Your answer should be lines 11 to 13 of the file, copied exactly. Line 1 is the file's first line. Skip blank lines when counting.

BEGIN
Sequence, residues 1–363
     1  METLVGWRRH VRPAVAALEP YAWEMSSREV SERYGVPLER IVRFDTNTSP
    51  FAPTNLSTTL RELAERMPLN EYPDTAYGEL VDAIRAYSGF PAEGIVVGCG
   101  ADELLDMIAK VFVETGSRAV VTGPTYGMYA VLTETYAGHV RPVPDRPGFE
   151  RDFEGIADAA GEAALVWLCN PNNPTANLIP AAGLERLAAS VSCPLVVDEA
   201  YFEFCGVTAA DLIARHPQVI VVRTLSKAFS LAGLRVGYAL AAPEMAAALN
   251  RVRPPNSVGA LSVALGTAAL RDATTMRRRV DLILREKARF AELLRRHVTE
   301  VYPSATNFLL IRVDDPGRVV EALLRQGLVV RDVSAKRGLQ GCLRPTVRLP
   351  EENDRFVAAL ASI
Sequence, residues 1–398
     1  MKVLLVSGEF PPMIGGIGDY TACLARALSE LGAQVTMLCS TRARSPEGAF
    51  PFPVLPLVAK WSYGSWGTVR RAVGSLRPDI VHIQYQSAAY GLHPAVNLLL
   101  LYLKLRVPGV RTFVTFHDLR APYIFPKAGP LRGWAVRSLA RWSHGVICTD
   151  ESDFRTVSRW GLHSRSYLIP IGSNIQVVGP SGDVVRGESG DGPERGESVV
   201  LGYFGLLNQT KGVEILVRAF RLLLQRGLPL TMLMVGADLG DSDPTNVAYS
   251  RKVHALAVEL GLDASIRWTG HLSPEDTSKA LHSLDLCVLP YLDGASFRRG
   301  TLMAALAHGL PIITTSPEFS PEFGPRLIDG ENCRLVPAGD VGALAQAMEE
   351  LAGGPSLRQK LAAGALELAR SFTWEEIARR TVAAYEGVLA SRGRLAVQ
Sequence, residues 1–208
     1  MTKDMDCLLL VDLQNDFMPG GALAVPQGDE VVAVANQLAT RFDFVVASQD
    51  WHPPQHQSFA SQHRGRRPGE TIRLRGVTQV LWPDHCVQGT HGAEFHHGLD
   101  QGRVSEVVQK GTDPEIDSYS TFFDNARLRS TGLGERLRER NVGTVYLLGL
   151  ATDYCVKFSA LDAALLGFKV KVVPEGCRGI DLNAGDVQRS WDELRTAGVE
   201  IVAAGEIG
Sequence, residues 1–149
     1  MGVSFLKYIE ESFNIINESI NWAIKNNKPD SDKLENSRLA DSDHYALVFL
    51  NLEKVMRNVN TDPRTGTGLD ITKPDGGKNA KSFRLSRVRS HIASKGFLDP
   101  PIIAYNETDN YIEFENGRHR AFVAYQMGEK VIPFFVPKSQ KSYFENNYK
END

     1  MKVLLVSGEF PPMIGGIGDY TACLARALSE LGAQVTMLCS TRARSPEGAF
    51  PFPVLPLVAK WSYGSWGTVR RAVGSLRPDI VHIQYQSAAY GLHPAVNLLL
   101  LYLKLRVPGV RTFVTFHDLR APYIFPKAGP LRGWAVRSLA RWSHGVICTD